In Hawaii Samoans are a stigmatized ethnic group. We examine how this group is treated by a public housing eviction board. Statistical analysis suggests Samoans are discriminated against in financial cases. Interviews indicate, however, that Samoans are disadvantaged largely because their excuses are not persuasive and would not be regardless of the ethnicity of the tenants making them. In this sense Samoans are treated "like any other tenant," and illegal discrimination, as defined by the Four- teenth Amendment, has not occurred. But Samoans make unpersuasive excuses more often than other tenants because excuses that are reasonable in the context of Sa- moan culture do not seem reasonable to judges from a different culture. Thus among tenants behind in their rent, Samoans fare worse than do non-Samoans, much as they might fare if board members held anti-Samoan prejudices. We call this implication of cultural hegemony "cultural discrimination" and note the dilemmas it poses, not the least of which is that it makes problematic the very concept of discrimination.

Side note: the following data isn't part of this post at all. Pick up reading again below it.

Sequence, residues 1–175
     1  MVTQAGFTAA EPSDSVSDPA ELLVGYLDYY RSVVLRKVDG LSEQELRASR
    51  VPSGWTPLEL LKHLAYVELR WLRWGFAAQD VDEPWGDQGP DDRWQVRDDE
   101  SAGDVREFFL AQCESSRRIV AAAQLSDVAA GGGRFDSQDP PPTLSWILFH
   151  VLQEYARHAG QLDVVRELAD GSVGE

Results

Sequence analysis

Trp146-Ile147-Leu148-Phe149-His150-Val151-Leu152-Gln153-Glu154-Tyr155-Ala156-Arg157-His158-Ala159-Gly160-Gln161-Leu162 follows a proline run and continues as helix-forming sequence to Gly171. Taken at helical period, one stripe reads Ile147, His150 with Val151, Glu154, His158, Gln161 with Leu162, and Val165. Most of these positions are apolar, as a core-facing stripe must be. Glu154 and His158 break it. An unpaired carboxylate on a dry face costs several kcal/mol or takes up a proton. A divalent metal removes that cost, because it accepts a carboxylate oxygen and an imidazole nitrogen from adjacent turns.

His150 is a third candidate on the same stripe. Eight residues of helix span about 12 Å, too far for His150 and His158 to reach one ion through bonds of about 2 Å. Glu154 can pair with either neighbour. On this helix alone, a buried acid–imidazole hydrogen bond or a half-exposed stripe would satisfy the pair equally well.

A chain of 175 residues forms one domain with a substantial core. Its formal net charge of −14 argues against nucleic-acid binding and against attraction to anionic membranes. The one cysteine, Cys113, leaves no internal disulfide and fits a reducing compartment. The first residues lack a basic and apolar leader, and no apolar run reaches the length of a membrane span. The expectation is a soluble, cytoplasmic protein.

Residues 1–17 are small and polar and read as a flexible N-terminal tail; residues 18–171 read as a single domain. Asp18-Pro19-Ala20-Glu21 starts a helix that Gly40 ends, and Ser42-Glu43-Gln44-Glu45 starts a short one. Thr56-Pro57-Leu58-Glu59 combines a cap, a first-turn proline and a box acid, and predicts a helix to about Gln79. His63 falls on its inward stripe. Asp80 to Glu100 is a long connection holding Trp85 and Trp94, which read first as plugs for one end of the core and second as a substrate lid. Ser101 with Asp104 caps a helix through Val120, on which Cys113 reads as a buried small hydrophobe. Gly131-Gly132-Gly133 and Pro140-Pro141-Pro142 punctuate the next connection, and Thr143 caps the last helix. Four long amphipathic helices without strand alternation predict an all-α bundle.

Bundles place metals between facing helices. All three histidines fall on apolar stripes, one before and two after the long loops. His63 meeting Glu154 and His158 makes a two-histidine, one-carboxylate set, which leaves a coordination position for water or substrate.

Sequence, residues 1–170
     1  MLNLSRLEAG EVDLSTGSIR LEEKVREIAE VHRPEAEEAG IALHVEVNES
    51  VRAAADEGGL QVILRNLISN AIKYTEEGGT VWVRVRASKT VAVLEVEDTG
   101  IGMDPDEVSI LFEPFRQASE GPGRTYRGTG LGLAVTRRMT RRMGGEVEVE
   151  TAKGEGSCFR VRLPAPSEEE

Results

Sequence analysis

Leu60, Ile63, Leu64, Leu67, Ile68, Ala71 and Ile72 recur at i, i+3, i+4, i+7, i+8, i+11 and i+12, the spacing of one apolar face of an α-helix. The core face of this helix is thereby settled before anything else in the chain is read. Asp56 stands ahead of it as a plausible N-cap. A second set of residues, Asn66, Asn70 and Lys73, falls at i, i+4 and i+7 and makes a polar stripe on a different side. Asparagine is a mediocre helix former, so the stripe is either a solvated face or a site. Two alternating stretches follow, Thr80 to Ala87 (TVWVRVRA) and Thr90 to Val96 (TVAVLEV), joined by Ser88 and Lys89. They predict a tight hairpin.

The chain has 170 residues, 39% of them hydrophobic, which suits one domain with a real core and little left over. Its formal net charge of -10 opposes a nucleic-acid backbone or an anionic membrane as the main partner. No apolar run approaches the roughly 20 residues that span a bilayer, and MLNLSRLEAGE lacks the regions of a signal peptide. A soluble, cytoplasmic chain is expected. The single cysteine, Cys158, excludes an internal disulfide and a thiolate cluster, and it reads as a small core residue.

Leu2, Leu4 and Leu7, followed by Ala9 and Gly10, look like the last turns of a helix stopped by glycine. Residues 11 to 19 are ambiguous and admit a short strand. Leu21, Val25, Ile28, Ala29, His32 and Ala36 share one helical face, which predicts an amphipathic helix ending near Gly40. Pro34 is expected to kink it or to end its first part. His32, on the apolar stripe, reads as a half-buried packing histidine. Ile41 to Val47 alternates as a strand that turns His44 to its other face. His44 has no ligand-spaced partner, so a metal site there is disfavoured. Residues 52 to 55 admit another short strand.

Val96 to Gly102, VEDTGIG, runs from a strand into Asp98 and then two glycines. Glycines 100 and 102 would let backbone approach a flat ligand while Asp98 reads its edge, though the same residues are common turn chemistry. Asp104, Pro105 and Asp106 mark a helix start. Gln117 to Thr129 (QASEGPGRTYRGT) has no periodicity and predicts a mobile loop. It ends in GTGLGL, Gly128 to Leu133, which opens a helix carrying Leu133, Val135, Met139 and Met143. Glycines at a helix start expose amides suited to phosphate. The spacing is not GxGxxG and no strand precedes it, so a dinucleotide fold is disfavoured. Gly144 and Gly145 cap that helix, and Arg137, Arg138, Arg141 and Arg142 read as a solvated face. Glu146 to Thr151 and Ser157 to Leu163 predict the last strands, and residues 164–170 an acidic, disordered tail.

Lempert, Richard O. and Karl Monsma. "Cultural Differences and Discrimination: Samoans before a Public Housing Eviction Board." American Sociological Review 59, no. 6 (1994): 890-910. (Institute of Governmental Studies, University of California, Berkeley Working Paper.)